He nodded as a slight grin began to form. “Thanks.”

She rested her cheek against her hands as she leaned towards him. “I’ll bet your friends say the same about you.”

The blush and the semi-grin vanished as Kerry’s face went slack. He was facing Annie but he wasn’t looking at her. “I . . .” His lips tightened as his gaze began darting from place to place.

“Kerry?” Annie knew something was wrong, though she wasn’t sure what had happened. “What is it?”

His voice sounded very small. “I don’t have any friends.”

Uh, oh. She was aware that Kerry was a solitary person, but she didn’t realize he was friendless. I never asked before— “I’m sure you have some.”

“I don’t.” He bit his lower lip to prevent it from quivering. “Never had any in California, and for sure don’t have any in Cardiff. That’s why no one ever asks me to do anything, or if I want to do something.” He took a deep breath as the fight to keep his lower lip from quivering was lost. “Not even my parents; they never ask me if I want to do anything.” He turned to the view beyond the window as a tear trickled down his cheek. “No one cares about me.”

Her expression never changed as Annie’s heart shattered. She’d heard sadness before, but never anything like the despair she’d just felt emanating from Kerry. “That isn’t true—”

It is.” The trickle had become a stream, and his words barely escaped his tightening throat. “I don’t have any friends at school. My parents think I’m just a weird kid who sits in his room and reads and does stuff on his computer and listens to music. If it wasn’t for The Foundation paying for me to go to school, they wouldn’t have cared if I wanted to go or not. No one cares about me; no one loves me.” He set his glasses aside and covered his eyes so his tears were hidden. “No one at all.”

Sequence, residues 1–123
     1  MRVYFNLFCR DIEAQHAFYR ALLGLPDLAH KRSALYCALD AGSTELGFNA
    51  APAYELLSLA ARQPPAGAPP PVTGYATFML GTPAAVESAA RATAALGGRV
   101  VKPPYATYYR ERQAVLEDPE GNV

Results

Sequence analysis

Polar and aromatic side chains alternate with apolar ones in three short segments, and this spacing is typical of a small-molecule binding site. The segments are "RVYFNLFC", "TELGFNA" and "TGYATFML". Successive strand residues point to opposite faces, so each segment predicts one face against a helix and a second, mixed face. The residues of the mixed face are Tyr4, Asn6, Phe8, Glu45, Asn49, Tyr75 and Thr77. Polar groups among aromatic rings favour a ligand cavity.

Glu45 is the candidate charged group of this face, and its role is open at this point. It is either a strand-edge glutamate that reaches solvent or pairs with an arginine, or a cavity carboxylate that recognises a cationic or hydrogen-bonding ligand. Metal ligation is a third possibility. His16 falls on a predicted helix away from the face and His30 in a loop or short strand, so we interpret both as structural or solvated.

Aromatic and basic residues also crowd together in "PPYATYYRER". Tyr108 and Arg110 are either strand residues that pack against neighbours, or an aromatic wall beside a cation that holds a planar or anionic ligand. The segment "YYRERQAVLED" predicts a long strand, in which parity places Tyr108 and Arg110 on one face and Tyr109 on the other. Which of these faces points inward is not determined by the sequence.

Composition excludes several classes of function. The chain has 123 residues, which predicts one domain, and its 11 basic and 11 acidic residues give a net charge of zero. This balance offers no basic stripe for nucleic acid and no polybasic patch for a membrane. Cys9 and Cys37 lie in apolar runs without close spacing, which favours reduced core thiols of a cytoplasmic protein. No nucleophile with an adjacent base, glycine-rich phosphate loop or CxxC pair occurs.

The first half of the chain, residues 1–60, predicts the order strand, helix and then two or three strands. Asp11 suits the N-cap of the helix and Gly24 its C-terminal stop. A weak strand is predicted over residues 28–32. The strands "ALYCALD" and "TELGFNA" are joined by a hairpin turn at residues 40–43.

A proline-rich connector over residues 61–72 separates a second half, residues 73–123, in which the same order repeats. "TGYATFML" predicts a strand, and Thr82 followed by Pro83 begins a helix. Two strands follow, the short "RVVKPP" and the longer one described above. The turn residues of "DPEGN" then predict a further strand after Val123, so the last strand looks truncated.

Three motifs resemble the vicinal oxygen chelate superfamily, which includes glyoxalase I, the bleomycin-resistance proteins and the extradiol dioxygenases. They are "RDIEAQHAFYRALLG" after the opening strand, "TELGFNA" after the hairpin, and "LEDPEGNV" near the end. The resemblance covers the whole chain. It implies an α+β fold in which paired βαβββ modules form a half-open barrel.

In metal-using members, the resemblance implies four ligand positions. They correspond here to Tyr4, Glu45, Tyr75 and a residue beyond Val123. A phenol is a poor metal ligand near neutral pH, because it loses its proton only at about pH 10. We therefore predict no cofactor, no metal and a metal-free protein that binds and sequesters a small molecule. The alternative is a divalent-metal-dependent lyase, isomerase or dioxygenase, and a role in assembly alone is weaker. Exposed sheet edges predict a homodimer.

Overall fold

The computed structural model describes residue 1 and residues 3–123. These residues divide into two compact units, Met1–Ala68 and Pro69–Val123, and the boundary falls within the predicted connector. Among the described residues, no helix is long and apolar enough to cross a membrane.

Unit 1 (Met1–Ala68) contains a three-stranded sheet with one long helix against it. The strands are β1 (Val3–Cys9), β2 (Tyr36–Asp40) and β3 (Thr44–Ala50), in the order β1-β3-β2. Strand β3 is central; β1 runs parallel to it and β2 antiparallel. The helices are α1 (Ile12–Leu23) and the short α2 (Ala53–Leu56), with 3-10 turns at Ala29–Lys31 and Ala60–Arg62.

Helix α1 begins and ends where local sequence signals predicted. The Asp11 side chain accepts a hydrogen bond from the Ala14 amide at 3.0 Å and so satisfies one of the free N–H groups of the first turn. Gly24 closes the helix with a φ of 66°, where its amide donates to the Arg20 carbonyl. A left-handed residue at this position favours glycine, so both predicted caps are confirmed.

Annie felt her own growing sadness as Kerry broke down. She wasn’t sadden by his actions: she was saddened by his statement that no one loved him. She wanted to leap across the table and hold and tell him the truth, tell him what she knew, what she felt—

And if you do, then what? Will he believe you? He doesn’t seem to know you. He’ll think you’re crazy and that you’re playing with him, and that will only make him more upset—and it will be your fault.

 

Yeah, Annie:  get ready to see Kerry crying a lot this novel, and having some of that due to you.

"He's as emotional as a teenage girl.  Good think he'll never be like that."

“He’s as emotional as a teenage girl. Good thing he’ll never be like that.”

Maybe you spoke too soon, Annie . . .

Needless to say Annie manages to put a smile back on his face by the end, and they discuss what to do for the remainder of their day together.  Later today I’ll start on the next scene–the trip through the Chunnel to Amsterdam–and we’ll get to see Annie being playful, and Kerry being clueless.  Because he spends so much time like this, right?  And let’s face it:  he’s cute this way.

So we may as well enjoy it before we get to the pain . . .